The Canary in the Coalmine of a Stagflationary Debt Crisis?
There are a few open questions when it comes to analysing the dynamics of the differential between Italian and German bond yields. The Spread.
Question 1. Is the ECB engaging in QT, i.e. balance sheet reduction, anytime soon?
Or that’s off the table for a while?
Question 2. How smooth will the transition be between Draghi and Meloni Government?
Question 3. Is there any chance to see a joint action, at the EU level, to implement strategic fiscal policies to shield consumers from raging energy prices? Or will the initiative be left to the single national governments?
Question 4. Would Italy represent just an idiosyncratic case, or it would be the canary in the coal mine, when it comes to showing the early signs of a sovereign debt crisis spreading out?
I will elaborate my thoughts on these questions in the following !
TPI & QT
Let me set this straight. I don’t think the ECB will engage in balance sheet reduction, the so-called Quantitative Tightening (QT) anytime soon. There will be a time to decrease the balance sheet.
But not yet!
The ECB will focus on raising interest rates to tame inflation and will most likely hold off on QT, at least until they are done with interest rates hiking. There are two main reasons for this. First, the effects of rising interest rates are much better understood than those of QT. Secondly, it would be really hard for the ECB to explain why they are at the same time selling core government bonds and buying Italian and/or peripheral spreads with their TPI (Transmission Protection Instrument).
What about the new government?
Let’s face it, the new government, most likely led by Giorgia Meloni has no margin for errors.
The market will quickly judge them on three key policy areas: the quality and composition of the Cabinet, the policy stance on Ukraine and towards the sanctions on Russia and, last but not least, fiscal discipline. We will, probably, discover very soon in which direction we are heading. The composition of the Cabinet will be very telling. I see three main scenarios and I will try to assign them a probability:
Bearish Case. The government takes the collision route with the EU on both foreign and fiscal policy. I see relatively low probability for this to happen. I would give this scenario 20% probability. Let’s not forget the President Sergio Mattarella Put. First, Mattarella will have a say in the choice of selecting key ministries. On top, if what happened to Conte’s government provides any forward guidance, I am convinced that Mattarella would act very quickly if things get out of hands. The government will fall, and a technical government will be formed.
Neutral Case. A mixed bag of hits and misses. There is no abrupt discontinuity to the past, but the government does not fully play ball with the rest of Europe on fiscal ad foreign policy. In that case, the market will be quick in putting pressure on the spread and the government will be forced to backtrack and reverse policy. I give this scenario 50% probability.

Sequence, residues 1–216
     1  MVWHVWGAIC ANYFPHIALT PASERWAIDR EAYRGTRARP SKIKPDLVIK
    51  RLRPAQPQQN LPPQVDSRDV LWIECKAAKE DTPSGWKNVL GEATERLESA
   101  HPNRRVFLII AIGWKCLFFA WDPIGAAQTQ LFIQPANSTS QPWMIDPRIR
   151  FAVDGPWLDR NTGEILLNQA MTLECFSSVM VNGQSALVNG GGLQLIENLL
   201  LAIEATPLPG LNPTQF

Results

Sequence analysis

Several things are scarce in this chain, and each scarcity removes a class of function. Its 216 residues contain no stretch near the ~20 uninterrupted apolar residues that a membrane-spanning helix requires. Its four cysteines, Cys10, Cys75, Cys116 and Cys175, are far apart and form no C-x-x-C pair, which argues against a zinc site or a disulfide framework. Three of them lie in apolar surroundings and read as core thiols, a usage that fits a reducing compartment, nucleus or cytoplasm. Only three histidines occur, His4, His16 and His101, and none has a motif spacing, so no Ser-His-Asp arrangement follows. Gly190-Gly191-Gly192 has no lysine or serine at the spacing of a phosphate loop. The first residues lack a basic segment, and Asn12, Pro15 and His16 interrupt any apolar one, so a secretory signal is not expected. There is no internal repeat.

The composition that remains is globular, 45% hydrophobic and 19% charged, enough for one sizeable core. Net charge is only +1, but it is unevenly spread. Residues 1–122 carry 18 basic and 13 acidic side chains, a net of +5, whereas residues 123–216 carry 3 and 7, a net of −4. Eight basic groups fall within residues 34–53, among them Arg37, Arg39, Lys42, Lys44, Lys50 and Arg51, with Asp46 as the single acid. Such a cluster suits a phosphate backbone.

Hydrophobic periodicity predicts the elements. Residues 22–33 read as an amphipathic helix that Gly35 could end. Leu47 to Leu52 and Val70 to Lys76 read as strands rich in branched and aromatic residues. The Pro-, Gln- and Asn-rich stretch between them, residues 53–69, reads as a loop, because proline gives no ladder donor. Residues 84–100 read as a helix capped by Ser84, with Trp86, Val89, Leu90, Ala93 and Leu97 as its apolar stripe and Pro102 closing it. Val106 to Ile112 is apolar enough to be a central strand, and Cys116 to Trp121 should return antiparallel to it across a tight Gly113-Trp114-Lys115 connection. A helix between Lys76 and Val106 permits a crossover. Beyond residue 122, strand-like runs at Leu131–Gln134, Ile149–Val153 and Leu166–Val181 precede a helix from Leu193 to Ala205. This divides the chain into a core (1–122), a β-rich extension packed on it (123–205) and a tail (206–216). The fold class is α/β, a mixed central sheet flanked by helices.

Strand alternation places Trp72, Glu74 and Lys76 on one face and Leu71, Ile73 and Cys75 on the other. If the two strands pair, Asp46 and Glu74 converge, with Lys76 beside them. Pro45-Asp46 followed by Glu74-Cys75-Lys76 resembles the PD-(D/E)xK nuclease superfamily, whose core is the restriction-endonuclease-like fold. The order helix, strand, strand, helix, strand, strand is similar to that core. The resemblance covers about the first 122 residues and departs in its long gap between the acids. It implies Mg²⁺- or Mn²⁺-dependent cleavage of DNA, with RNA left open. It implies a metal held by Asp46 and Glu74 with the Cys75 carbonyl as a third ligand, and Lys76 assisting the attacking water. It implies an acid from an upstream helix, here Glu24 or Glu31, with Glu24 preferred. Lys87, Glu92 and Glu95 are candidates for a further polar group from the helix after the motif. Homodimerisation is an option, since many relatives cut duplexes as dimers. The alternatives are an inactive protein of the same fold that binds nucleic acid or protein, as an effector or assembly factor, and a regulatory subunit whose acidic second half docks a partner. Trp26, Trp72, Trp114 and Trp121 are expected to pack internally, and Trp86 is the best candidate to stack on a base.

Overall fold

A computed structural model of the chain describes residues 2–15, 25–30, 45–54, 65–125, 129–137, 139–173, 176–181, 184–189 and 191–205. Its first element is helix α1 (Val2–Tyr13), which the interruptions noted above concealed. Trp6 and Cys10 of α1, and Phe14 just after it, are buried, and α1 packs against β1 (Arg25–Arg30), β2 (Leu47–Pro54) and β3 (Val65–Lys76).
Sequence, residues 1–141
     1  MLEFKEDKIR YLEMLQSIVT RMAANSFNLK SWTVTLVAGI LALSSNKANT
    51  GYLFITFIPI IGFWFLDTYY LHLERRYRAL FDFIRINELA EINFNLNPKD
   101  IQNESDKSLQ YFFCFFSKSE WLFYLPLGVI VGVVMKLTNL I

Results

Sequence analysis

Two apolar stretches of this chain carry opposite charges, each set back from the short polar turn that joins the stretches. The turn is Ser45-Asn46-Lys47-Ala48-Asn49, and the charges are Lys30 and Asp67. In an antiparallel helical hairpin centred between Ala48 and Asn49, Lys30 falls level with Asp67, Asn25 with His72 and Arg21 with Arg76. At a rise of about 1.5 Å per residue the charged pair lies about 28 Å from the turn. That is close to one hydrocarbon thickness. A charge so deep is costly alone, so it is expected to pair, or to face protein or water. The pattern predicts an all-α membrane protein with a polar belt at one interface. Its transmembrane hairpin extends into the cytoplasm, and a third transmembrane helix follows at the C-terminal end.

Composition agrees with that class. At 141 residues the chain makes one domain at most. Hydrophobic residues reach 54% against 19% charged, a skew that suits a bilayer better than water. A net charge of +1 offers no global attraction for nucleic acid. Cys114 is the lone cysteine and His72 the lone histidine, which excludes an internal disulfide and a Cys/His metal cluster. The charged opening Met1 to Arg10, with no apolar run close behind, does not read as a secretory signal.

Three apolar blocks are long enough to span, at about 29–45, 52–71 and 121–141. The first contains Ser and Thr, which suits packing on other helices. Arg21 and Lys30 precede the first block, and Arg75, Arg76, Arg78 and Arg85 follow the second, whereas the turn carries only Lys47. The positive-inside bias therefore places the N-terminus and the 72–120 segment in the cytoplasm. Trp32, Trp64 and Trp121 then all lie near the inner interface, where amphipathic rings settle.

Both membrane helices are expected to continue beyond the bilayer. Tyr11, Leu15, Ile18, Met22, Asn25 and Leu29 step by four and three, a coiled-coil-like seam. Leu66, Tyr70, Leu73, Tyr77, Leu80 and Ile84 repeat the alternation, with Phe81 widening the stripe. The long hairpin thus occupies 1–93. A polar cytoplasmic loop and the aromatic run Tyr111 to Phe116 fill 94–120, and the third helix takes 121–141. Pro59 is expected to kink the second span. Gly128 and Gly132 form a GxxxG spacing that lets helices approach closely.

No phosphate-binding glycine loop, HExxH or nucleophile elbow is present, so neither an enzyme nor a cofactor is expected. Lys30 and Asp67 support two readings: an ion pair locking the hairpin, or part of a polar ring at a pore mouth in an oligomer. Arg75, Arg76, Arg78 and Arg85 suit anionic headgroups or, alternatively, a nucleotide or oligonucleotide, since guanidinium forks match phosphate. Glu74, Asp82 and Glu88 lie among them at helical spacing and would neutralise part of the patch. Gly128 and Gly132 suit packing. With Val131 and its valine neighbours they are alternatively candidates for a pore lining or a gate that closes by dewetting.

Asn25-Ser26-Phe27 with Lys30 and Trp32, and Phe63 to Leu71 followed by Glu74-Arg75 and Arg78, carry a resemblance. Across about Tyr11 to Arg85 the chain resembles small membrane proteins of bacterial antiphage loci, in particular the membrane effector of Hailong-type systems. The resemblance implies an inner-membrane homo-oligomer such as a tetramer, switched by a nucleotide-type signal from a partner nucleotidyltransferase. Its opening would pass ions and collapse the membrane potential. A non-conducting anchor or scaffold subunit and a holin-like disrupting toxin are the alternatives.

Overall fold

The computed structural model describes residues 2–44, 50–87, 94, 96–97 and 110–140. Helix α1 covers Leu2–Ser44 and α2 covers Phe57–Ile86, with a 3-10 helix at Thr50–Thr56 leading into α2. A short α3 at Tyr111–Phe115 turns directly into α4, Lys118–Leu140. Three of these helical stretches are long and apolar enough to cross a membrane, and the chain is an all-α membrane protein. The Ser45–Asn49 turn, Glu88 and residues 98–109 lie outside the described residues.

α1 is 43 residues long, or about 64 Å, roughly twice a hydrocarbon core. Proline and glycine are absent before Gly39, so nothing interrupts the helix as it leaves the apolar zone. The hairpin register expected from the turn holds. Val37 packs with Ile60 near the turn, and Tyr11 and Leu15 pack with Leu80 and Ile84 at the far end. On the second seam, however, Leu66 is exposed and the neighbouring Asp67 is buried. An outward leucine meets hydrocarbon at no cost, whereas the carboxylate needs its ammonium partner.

Bullish Case. The government will try real hard, Ringo, to play the Shepherd. To get along with European institutions, it will be crucial to get the EUR 200bn of the Next Generation EU Fund money and keep a friendly relationship with the ECB, the buyer of last resort of peripheral debt. Let’s not forget that the TPI program is discretionary , and it is conditional. That’s not a small detail. When the time will come, to widen fiscal deficits, to shield consumers and businesses against outrageous energy bills, it will be essential to have the Good Shepherd of the ECB protecting the spread in the valley of darkness, to freely quote Samuel Jackson in Pulp Fiction.
Energy fiscal policy.
Ay, there’s the rub!
What will be the approach in designing the fiscal policies to face the energy crisis?
We have, so far, little visibility. Do we go ahead with policies chosen at national level, or Europe will manage to pull off a common solution to tackle these issues? This will be crucial for the destiny of the yield differential between peripheral and core Europe. That’s because, in the case of regional solutions, there will be issuance of sovereign government bonds to cover deficits. In the case of a joint solution, instead, the probability that deficits will be actually financed by EU-bonds – as in the case of the next generation EU money – becomes very high. It is not a small detail.
Italian Debt (BTPs): the canary in the coal mine
I do not buy into the narrative that Italy will be an idiosyncratic case. Italian politics this time could be noise (like always, to be honest). Political headlines may add to volatility, but i don’t think the collision with the EU will be the policy path that will be taken.
The real problem is: does Europe have a plan?
First, do they have a clear game plan on how to implement TPI, the instrument to dampen volatility in the European spread market? When it will be clear that what governments have so far allocated to tackle the energy crisis is not enough, will Europe go quickly for a common solution , or it will just engage in a blaming game? Usually, Europe finds a common ground only when there is no alternative. We are not there yet!
My base case is that we will find ourselves in an uncomfortable trading range on the spread differential between Italian and German bonds. A likely price action could be between 260bps and 190bps. This may offer room for some tactical investment opportunities, by trading the range in the spread. But given the non-marginal tail risks of a mounting sovereign debt crisis, what is the best way to manage the risk? I think there is no way around than trading the BTP-Bund spread with a stop loss mechanism. When the trade does not work and the spread goes 20bps wider than the entry point, OUT. Trade closed, and we start again with a clean book and a clear mind!
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